By moving into my own apartment I invited my loneliness to live with me.  My isolation, my abandonment, depression, anxiety, fears.  We were like the fucking brady bunch up in there.    Right now, as I’m typing this, I’m laughing and smiling.  Why?  Because I got through it.  (p.s. still getting through it). I turned my pain into power.  Because not only did I invite my darkness to rise to the surface, I allowed the space for it to be processed.  And that invited in more creativity, joy, and connectedness to self.  Loneliness is a part of our shared human experience. (2)  So is Joy. And belonging to ourselves and each other. My hope is that you lean into that knowing through my work.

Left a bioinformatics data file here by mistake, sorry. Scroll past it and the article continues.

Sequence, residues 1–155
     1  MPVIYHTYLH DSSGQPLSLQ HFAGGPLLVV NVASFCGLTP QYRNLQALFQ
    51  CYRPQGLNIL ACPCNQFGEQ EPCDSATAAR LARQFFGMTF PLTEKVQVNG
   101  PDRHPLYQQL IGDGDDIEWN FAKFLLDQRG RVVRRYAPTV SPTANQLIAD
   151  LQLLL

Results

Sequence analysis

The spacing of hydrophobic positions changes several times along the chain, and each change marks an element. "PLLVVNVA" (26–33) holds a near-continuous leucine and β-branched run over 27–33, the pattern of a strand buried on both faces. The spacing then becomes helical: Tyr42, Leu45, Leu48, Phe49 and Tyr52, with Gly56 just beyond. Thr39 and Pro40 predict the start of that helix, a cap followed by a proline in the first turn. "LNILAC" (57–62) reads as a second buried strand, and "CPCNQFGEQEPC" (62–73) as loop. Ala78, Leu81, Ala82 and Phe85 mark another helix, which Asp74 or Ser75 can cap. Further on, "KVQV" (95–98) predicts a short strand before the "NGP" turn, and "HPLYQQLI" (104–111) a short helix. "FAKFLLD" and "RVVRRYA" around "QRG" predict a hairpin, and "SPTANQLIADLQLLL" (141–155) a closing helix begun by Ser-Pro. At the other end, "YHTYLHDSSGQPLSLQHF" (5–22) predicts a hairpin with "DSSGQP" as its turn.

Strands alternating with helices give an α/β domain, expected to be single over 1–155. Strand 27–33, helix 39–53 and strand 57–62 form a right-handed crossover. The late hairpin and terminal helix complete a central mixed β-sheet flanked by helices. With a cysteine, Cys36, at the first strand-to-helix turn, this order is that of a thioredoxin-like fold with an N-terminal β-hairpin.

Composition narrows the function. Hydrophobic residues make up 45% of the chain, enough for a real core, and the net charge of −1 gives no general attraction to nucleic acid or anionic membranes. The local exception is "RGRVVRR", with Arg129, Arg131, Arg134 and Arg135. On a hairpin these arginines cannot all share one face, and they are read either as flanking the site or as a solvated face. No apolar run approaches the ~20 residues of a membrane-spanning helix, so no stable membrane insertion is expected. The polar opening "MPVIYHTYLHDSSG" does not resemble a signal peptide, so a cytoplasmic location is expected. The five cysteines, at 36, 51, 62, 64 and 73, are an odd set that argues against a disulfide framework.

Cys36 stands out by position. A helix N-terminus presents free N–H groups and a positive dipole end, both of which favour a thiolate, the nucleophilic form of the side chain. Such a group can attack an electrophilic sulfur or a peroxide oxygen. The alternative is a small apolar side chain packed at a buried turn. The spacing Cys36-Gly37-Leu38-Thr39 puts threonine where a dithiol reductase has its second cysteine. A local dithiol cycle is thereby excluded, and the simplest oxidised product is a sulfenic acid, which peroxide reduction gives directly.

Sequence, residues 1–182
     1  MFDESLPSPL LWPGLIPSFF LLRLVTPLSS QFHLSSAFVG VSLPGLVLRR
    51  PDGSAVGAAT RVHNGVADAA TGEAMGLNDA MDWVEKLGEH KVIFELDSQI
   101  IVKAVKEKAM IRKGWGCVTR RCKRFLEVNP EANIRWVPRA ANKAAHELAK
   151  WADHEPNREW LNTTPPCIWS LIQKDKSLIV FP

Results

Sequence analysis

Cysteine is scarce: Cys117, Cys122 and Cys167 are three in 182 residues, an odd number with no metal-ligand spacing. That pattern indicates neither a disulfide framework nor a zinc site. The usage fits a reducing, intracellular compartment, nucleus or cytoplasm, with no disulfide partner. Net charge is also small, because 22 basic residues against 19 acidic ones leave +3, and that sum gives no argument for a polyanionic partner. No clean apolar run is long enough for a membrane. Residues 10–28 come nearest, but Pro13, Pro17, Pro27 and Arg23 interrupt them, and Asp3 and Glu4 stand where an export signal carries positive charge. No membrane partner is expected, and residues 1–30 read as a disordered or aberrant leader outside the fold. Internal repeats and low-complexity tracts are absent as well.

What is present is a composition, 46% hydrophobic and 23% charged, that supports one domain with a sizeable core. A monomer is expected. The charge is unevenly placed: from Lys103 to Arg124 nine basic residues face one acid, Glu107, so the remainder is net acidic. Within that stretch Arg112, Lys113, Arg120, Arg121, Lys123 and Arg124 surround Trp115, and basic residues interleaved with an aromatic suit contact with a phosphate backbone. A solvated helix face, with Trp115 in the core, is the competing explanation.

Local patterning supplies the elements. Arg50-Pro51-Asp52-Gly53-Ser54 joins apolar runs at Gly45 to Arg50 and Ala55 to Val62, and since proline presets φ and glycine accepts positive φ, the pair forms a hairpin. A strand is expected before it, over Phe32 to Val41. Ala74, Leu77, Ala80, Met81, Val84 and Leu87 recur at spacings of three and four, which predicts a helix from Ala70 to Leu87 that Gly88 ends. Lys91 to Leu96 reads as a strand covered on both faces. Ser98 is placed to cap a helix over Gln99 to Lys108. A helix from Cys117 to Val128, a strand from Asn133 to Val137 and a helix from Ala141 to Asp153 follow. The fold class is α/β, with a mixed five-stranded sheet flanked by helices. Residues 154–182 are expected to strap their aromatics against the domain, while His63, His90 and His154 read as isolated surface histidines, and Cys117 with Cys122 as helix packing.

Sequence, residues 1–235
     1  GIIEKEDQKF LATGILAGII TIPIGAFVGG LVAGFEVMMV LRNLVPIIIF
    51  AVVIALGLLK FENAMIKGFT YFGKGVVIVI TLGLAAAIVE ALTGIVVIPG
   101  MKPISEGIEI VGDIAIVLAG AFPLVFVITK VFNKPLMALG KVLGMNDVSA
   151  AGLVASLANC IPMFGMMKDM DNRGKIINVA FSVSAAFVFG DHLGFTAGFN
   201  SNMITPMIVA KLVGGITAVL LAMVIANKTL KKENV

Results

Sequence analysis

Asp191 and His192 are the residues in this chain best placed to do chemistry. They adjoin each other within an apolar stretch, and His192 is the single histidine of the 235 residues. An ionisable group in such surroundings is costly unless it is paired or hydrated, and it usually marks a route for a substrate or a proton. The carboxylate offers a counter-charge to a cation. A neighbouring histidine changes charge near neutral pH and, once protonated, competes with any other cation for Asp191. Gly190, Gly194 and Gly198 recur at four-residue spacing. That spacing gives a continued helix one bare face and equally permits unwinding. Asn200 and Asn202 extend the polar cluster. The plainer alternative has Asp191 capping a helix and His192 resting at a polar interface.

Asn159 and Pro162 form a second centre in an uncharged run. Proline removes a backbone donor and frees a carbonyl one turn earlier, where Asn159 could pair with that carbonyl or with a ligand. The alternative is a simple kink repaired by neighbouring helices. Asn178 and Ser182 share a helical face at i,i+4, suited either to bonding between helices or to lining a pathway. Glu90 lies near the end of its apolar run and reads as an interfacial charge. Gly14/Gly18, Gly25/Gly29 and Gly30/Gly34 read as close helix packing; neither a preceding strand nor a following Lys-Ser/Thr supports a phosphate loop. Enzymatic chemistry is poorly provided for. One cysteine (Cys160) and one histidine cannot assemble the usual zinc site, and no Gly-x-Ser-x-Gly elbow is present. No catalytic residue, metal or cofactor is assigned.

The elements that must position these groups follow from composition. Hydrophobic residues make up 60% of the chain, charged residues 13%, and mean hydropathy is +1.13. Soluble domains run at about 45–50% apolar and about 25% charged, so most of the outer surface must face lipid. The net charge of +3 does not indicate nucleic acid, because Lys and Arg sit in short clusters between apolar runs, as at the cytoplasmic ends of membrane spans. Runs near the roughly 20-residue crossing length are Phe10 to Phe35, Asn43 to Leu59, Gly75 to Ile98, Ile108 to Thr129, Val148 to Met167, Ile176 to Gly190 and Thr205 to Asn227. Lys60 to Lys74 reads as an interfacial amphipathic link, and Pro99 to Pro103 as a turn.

Earlier that year I found pour painting.  My good friend Skie asked me if I wanted to make a painting with her.  She said, “I want someone to pour with and I thought, hell yeah Stephanie would be down.”  And Hell yeah I was.  Once I created that first piece, I opened up a reservoir that I never knew very well in terms of “art”.  My creative spirit.  I spent the next few months dabbling in different pouring methods, never really having a lot of time for it then because I was prioritizing other people.  Fast forward to living 30 minutes away from anyone I knew and being on a tight budget, I suddenly had every night wide open.  I remembered being so consumed by loneliness, isolation and anxiety that I would be paralyzed.  At this point in my life though, I had tools.  I’d been creating a web of self care and self love for that very moment in time; I knew how to support myself.  The initial act of courage was always pulling myself out of bed and into something that could help me.